We are not a spy but of course, even if we were, we wouldn’t tell you for your own safety. But we are a magician and that is somewhat like a spy. Our specialty is Mentalism and that is very much like a spy. 62.7 percent of our act is based on intuition, pre-show work and informed guessing. Perhaps that is why we found so much of the information contained in former CIA operative J.C. Carleson’s new book Work Like a Spy: Business Tips from a Former CIA Officer.
Ms. Carleson worked in the business world and then decided to join the CIA to serve her country and find adventure. Along the way, she learned to collect, analyze and use information without detection or suspicion. Those skills translated well when she returned to the corporate world and so her book is addressed to her new peer group – corporate executives.
Of course the ability to collect information from those who do not wish to give information – a doing so in a way that does not tip off your target – is what we as magicians do for a living. Even if you are not into mentalism and work solely with automatic tricks requiring no “read” of your audience or volunteer, this book will help you tune your routine to the crowd.
On the other hand, if you are a mentalist or street magician, you need to get this book. We pride ourselves in being very in-touch with our audience and able to easily pick up on their unspoken communication. Ms. Carleson says we are precisely the type of person who could be a lousy spy. Once you are convinced you can read people or discern truths from their behavior or background, you blind yourself to the reality of the encounter. She provides a step-by-step method to acquire the skills you need to be successful building rapport as a business person, a spy or a magician.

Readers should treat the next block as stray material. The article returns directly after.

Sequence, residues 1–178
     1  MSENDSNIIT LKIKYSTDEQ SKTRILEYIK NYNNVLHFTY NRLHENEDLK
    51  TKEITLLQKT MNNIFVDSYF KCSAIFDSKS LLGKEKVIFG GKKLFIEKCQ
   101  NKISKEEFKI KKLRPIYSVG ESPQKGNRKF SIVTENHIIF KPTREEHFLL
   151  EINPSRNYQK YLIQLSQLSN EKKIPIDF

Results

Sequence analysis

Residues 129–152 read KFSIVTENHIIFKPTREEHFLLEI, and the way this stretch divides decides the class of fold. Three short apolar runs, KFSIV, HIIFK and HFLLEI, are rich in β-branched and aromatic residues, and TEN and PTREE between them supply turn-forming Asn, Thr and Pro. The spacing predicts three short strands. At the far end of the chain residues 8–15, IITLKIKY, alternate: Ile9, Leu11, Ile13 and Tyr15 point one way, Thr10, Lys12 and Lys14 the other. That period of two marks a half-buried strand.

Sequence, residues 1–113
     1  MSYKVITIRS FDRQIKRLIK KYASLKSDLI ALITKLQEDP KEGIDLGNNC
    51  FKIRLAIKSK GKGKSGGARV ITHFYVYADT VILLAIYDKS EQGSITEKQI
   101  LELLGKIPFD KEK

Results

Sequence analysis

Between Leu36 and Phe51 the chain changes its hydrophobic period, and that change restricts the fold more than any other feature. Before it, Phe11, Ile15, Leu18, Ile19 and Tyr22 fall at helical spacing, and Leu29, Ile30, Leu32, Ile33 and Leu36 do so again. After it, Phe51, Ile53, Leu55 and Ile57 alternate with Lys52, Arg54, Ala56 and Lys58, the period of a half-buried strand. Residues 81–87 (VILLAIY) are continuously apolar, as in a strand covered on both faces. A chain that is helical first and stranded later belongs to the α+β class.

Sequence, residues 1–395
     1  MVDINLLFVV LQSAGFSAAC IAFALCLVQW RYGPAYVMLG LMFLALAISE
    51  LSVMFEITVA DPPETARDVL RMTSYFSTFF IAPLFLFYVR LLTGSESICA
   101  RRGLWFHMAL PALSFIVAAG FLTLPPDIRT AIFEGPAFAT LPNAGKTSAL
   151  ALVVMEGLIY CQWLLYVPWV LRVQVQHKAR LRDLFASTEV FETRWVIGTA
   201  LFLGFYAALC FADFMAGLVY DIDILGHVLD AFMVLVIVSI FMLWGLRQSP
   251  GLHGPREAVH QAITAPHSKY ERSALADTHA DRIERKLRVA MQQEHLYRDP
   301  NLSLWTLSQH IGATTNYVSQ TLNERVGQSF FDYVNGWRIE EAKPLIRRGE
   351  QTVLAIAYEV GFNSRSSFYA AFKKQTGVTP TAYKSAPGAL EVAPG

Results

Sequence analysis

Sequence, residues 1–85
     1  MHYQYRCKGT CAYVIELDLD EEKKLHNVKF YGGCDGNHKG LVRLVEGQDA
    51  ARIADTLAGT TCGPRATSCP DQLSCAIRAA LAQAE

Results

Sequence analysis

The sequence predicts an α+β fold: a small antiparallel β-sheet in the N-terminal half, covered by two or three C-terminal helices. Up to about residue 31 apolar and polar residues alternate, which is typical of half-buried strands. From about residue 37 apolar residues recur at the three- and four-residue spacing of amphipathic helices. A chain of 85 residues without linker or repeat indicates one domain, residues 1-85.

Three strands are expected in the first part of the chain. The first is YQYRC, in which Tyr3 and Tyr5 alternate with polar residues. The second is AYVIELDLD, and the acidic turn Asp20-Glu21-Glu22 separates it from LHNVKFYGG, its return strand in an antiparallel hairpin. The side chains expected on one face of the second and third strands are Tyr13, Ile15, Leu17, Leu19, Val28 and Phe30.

We enjoyed the exercises she prescribes such as picking a stranger at random and learning the make and model of their car in a way that this perfect stranger has no idea you obtained the information. You can do it – we know because we did it. (But not on the first through fourth attempts).
Magicians need to pick the right volunteer to do their secret work and Ms. Carleson teaches us how to target the right person to obtain the information you seek. How to then talk with that person to get the information without asking a single question and ingratiate yourself with your new found friend.
Granted, she describes some techniques that may be considered extreme for the average mentalist or birthday party entertainer: getting your target drunk; dressing in a manner that appeals to your target’s fetish; lying about your background or position to develop the target’s trust. But there is plenty here for the magician looking to improve on his or her intuition.
Ms. Carleson is a fine writer – especially if this is her first book – and it is a quick but substantive read. In fact, we read the book in an afternoon. True, it is not a magic book but it is a good book with instant application to our profession.